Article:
TRIBUTES have flooded in for Rudi Leavor, a well-loved leader of Bradford’s Jewish community who died on Tuesday at the age of 95.

Mr Leavor, a Holocaust survivor and the chairman of the Bradford Synagogue, helped to forge a “unique” partnership between the city’s Jewish and Muslim communities that made global headlines.

Driven on by Mr Leavor’s goal of “building bridges rather breaking them down”, the synagogue became the only one in the world with a Muslim on its committee and received Royal praise for its multi-faith work.

In 2013, with Bradford’s Jewish community dwindling, the city’s last remaining synagogue faced an uncertain future – and it was largely down to Bradford Council for Mosques, and local businesses, that it was saved.

When Mr Leavor was awarded his British Empire Medal, a cabinet office spokesman said he had been “instrumental” in keeping the synagogue viable, and had built a “unique relationship with all religious leaders”, particularly the Muslim community.

Mr Leavor, who was born in Berlin, left Nazi Germany with his parents and sister as refugees for Bradford in 1937 when he was 11.

He attended Bradford Grammar School and later Leeds University where he trained to become a dentist. He later had a successful dental practice based in Heckmondwike.

Mr Leavor’s family paid tribute to a man who they described as a “great inspiration to all”.

Announcing that he had died peacefully in his sleep, his family said: “He was the greatest husband, father, father-in-law, grandfather and great grandfather ever.

“Whilst we are all devastated, we take comfort from the fact that he lived a very long, successful and fruitful life full of love for all his family. We know how much he was loved by so many people and a great inspiration to us all.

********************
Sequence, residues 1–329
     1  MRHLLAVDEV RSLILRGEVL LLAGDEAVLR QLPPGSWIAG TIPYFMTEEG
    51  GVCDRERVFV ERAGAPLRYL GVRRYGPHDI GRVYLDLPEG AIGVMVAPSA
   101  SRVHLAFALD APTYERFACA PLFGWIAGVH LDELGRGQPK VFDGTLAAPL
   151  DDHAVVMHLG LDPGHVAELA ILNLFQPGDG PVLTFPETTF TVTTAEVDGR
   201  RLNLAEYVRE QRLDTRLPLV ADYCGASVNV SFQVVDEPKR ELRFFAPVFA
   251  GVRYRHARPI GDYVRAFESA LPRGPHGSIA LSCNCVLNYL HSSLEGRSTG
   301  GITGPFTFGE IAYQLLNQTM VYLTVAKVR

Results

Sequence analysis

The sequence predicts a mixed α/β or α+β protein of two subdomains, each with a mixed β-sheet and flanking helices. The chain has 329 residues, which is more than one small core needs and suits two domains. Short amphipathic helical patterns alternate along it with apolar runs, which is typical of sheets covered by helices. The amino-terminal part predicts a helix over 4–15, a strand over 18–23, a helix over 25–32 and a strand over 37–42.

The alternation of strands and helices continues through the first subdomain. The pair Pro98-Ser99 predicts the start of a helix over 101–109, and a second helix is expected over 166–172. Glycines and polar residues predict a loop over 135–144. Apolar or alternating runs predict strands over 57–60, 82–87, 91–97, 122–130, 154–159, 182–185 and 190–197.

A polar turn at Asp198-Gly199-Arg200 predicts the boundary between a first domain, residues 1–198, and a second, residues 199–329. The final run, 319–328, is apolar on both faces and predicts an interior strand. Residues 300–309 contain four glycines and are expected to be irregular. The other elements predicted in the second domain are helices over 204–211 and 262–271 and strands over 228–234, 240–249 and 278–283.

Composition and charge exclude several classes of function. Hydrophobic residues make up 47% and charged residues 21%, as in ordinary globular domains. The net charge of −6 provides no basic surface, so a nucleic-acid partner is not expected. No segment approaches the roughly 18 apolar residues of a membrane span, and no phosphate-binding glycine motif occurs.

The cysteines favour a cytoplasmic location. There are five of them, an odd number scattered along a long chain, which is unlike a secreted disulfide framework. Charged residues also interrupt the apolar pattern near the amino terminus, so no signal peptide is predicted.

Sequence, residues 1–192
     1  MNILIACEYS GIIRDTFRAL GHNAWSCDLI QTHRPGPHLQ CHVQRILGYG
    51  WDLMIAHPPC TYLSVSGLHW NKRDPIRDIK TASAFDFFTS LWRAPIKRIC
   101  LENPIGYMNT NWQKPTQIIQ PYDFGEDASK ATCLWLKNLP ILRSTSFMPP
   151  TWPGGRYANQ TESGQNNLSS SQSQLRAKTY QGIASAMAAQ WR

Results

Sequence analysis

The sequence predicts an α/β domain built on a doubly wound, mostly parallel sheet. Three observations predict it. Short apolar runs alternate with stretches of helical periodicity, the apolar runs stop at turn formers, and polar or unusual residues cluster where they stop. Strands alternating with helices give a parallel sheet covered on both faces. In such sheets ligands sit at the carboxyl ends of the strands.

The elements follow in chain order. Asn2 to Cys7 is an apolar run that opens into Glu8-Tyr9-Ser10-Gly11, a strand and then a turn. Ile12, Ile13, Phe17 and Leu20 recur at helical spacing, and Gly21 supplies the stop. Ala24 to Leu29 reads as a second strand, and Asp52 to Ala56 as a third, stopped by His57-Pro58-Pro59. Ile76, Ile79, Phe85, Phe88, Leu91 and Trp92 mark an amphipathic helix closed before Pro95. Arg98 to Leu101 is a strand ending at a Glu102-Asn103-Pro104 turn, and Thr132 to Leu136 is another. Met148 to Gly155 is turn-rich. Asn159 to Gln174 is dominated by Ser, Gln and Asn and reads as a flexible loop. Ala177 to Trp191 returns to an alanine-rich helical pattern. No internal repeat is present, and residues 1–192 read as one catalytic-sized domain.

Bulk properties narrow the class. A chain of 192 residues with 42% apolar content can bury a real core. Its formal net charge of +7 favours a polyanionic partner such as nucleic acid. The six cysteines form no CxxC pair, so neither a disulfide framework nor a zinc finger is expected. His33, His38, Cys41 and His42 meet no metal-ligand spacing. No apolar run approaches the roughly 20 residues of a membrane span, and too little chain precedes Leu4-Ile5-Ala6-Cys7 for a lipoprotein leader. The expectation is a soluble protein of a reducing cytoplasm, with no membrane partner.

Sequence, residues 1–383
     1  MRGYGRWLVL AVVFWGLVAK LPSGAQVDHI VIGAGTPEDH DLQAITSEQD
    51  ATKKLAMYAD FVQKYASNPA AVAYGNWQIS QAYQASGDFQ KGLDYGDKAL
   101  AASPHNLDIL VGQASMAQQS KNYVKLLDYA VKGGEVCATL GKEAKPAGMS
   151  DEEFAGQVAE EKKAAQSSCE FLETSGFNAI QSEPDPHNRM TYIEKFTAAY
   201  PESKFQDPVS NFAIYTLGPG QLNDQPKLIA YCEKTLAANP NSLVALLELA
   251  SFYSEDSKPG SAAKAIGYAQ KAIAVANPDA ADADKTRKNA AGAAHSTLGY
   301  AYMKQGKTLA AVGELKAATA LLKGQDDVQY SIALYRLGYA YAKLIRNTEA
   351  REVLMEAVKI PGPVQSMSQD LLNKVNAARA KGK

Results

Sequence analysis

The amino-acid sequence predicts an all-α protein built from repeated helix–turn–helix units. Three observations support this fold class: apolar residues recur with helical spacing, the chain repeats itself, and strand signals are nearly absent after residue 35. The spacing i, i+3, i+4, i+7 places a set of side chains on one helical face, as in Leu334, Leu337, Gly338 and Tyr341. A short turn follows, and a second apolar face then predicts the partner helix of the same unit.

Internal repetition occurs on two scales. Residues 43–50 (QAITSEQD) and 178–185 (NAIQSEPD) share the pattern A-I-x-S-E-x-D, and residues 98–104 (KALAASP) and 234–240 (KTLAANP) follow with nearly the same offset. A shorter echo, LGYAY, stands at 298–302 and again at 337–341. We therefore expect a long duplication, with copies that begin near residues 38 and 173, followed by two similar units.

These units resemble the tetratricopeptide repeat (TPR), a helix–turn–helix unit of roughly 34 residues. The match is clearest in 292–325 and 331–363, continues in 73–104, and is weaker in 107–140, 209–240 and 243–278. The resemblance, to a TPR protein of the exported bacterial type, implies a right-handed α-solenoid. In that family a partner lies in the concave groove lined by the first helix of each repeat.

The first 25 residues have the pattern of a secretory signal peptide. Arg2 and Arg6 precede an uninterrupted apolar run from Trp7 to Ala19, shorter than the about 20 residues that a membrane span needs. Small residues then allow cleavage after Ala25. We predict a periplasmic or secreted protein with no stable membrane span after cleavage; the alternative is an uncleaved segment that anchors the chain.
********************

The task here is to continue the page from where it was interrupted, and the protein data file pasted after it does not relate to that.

“Love Anthony, Jonathan, Deborah and Caroline. X”

His son Jonathan Leavor, of Queensbury, told the T&A: “He did touch the hearts of so many people. He built bridges rather break them down.

“He loved his adopted city of Bradford, where he lived most of his life.

“People loved him for what he’s done in Bradford. He was embraced by people of all religions.

“He had his fingers in so many pies locally and nationally. He was very musical and was a member of the Leeds Philharmonic Choir for over 50 years.

“He was always asked to sing at the Holocaust memorial and he was in demand at age 94. He was still singing.”

Jonathan also spoke about how his father, who caught Covid-19 a month ago, looked to be recovering.

“He caught this dreaded virus. The doctors said he medically recovered from Covid, but then couldn’t regain his energy.

“We knew he was sick but thought he was out of danger. He seemed to be doing well and on Monday he was joking and happy with his lot.”

The Lord Mayor, Councillor Shabir Hussain, said “I am profoundly sorry to learn of Rudi Leavor’s death. His vast life experience, which included fleeing Nazi Germany with his family as a child, coupled with his great personal warmth, made him a natural communicator and his outstanding efforts promoting and enhancing interfaith community relations are as well-respected as they are well-known.”

The Leader of Bradford Council, Councillor Susan Hinchcliffe, said: “Rudi was a brilliant man, a strong advocate for Bradford and a faith leader who the whole district looked up to. It’s sad to think that we will never hear his beautiful singing in the synagogue again. We owe him a huge debt of gratitude. In his 90s, when most people would have been long retired, he was organising events, taking part in significant commemorations and passing on his life experience, learning and wisdom to the next generation. He will be very much missed by all of us.”

Kersten England, Chief Executive of Bradford Council, said: “Rudi was a lovely and extraordinary man. He gave himself selflessly and tirelessly in service of this district and its people. His energy, activism and optimism was inspiring. We are privileged to have had him amongst us. He was the best of us.”

David Green, former leader of Bradford Council, said: “Rudi made time for people and fought to bring together all communities to try and ensure that what he experienced under the Nazis never happens again.”